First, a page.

The concept of the FOMO glasses was introduced to me by Backyard Brains, and I immediately wanted to head the project. Not just because the concept itself is tons of fun, but for the implications the success of the project would have! Building something that works solely on eye movements is another testament to the capabilities of BCI (brain-computer interface) as it becomes more a part of our daily lives. We are already starting to be seen as part of our machines, with our phones acting as extensions of ourselves without which we feel vulnerable and incomplete.
However, the interfacing speed between us is still somewhat slow (for example, having to take your phone out, open up an app, and press a button in order to try and capture a moment before it’s too late, oftentimes missing the moment entirely in the process). BCI’s work to make processes like this more efficient and enjoyable. There is also a vast range of applications in regards to accessibility, especially for those who have limitations regarding mobility. In many cases, the eyes are one of, if not the only thing someone in these situations can move easily, so the more we can record and read signals from the eyes, the more applications we can make as tools for communication, entertainment, expressions of creativity…
Another cool part about working with Backyard Brains is getting to work with the teachers hoping to bring our projects into the classroom. These meetings have opened my eyes to applications of my project I hadn’t even considered. One teacher has a physiology and anatomy class where she hopes to use my project to help students understand the eyes’ blind spots and where our brain fills in information that isn’t there. She is hoping that by wearing the glasses and later having to recall information they believe they saw, students will be able to better understand how much information passes through their eyes that they’re not consciously aware of.
Another teacher had a similar idea in mind for her psychology class, where she hopes through a similar process that students will see how unreliable their memories are, either by failing to recall something they saw, or by recalling something that wasn’t there. These psychological reflections on the project are one’s I hadn’t considered before speaking to the teachers, and am excited to explore more in depth as the project continues to advance.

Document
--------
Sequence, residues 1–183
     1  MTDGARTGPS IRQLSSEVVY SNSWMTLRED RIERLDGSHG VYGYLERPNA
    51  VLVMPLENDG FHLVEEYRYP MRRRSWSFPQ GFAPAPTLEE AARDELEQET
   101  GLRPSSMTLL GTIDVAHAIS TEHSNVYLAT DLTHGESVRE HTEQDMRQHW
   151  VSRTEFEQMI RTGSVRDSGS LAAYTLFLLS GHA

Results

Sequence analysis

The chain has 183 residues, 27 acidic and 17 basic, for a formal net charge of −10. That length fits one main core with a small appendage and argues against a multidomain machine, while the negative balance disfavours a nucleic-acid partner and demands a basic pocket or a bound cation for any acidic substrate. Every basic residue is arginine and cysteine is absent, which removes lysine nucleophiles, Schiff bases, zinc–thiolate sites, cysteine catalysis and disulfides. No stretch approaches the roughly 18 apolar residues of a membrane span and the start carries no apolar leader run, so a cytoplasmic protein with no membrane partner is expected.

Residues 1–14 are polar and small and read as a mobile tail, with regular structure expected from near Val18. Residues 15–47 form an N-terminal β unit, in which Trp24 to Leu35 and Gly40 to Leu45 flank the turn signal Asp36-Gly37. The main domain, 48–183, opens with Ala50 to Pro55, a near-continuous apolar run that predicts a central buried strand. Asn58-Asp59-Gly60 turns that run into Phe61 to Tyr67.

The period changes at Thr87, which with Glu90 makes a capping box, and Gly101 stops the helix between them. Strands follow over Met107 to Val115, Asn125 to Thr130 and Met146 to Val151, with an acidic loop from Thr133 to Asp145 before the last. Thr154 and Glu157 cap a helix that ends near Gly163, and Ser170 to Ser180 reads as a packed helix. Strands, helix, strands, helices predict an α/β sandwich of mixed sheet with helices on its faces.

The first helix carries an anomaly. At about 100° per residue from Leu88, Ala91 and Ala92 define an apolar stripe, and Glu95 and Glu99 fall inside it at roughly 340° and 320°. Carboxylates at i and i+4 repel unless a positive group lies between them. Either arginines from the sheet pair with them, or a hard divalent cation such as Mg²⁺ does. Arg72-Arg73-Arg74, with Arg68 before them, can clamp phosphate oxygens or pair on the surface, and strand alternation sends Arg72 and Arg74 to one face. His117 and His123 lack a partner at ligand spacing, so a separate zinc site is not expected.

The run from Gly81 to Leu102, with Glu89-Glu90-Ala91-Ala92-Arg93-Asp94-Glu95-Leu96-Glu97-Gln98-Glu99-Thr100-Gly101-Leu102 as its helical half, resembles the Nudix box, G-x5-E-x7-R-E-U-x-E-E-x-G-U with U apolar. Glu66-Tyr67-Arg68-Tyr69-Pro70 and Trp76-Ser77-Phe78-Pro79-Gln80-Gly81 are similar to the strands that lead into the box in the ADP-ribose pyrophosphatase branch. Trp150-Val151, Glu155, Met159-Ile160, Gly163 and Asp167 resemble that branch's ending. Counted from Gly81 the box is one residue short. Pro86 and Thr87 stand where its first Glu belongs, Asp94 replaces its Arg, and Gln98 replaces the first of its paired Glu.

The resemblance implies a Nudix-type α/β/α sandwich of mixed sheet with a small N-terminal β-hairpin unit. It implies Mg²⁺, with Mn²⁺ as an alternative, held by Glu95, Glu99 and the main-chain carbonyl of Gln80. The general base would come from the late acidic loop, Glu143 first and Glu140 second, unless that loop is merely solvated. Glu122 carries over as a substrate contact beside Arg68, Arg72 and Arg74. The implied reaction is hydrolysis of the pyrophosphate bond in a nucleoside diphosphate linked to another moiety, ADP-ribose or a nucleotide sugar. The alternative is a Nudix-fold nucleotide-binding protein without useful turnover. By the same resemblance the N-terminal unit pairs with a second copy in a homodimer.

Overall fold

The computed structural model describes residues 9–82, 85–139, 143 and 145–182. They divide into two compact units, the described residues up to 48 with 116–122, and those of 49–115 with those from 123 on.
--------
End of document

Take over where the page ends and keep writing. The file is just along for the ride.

A student at Florida Southern College double majoring in computer science and communications with concentrations: artificial intelligence and machine learning, web and cloud computing, and digital media. In the future, I’d like to fuse these areas of study into making awesome things that people can enjoy and understand, improving the overall quality of life through technology, and aiding in the process of further integrating technology into our lives in a meaningful way. When not working, I like to engage in hobbies such as: painting, playing the piano, rock climbing, virtual reality and video games, and binge watching anything science fiction related.
I found Backyard Brains after the neuroscience professor at my school sent the application to the computer science department groupchat (it’s a small school). I had been in the process of looking at internships when I saw the application. Up until that point, most of the opportunities I’d seen were working for large companies to make some aspect of their business more efficient while working in a large group. While there is great value in this kind of work, it wasn’t what I was looking for. I wanted to work somewhere that promoted creativity. This is why I am very grateful to be a part of the Backyard Brains fellowship program this summer, and look forward to seeing everyone’s projects come to life.